What Equipment Do You Need for Beekeeping?

Beekeeping is unlike many hobbies. With soccer, for instance, you only need a handful of equipment to play. But beekeeping requires many tools to keep the bees happy, the beekeeper safe, and the honey flowing.

Before you buzz along to the nearest beekeeping supply store and drop down a good chunk of your paycheck, make sure you know what beekeeping equipment you’ll actually need. You’ll save some money and you’ll be beekeeping like a pro!

Must-Have Beekeeping Tools

So what tools and equipment does a beekeeper use? And what are they for? Answers below!


Needless to say, you’ll need a home for your bees. The Langstroth hive is the most common type of beehive used by both hobbyist and commercial beekeepers. It was developed in the mid-1800s by L.L. Langstroth and the design has changed little since then.

Each Langstroth hive has an entrance at the bottom, one or two medium- or deep-sized boxes to serve as the brood chamber, two or three small- or medium-sized boxes (called honey supers) to collect honey, an inner cover to allow ventilation and feeding, and a metal-sheathed outer cover for protection from the elements.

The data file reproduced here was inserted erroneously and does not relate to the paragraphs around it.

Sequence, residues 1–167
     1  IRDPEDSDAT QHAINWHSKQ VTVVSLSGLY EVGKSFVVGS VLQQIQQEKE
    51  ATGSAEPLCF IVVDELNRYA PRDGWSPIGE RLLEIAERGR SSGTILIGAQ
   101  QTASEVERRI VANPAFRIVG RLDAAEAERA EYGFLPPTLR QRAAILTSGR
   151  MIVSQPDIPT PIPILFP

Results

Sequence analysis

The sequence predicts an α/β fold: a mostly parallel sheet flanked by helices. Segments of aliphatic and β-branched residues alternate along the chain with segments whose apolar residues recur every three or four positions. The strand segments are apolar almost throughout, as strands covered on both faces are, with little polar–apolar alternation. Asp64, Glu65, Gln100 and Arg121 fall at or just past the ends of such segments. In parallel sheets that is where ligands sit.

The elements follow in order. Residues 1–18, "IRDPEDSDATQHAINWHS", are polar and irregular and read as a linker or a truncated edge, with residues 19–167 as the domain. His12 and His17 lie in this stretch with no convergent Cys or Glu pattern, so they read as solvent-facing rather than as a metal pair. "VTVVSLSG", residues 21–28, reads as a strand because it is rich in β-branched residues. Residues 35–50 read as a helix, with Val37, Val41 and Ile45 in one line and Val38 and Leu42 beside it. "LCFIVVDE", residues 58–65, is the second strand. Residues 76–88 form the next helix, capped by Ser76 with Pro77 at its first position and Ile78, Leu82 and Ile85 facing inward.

Langstroth discovered that you could hang frames inside boxes in a way that would 1) give bees space to build comb and store honey, 2) give bees just enough “bee space” to pass while discouraging their instinct to build “burr comb” in unwanted places, and 3) be easily removed to harvest honey.

Each box in a Langstroth hive has either has 8 or 10 frames. If you’re deciding between the two, we suggest buying the 8-frame hive. Your back will thank you. 😉

Hive Stand